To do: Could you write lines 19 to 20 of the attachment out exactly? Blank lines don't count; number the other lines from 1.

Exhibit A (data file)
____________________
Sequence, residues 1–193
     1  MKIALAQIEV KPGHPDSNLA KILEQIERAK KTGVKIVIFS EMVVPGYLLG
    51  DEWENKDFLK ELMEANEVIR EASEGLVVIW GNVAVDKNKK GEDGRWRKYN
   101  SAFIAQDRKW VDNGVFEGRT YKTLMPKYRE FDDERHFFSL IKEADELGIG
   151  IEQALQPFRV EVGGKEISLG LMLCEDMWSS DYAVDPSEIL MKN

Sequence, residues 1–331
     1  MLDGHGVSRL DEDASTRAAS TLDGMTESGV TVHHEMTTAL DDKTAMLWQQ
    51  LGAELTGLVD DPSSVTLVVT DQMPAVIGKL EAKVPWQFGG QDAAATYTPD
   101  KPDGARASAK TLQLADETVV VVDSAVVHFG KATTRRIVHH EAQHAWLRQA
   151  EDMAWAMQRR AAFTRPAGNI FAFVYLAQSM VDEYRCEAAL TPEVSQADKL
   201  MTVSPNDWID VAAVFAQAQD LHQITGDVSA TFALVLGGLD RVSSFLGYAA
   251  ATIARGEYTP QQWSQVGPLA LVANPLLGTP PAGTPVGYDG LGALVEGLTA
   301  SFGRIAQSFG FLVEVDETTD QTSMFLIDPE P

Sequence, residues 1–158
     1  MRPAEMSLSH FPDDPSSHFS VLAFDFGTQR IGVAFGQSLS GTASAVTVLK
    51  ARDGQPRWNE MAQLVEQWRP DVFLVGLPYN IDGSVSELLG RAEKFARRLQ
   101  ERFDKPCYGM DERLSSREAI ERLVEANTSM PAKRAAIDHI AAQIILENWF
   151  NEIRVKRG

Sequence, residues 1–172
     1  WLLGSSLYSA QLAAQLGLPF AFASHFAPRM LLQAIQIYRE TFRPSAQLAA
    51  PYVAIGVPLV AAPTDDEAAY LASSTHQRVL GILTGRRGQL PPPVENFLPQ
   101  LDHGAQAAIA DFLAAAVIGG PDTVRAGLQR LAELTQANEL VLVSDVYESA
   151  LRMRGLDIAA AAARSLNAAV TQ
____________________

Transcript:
Sequence, residues 1–172
     1  WLLGSSLYSA QLAAQLGLPF AFASHFAPRM LLQAIQIYRE TFRPSAQLAA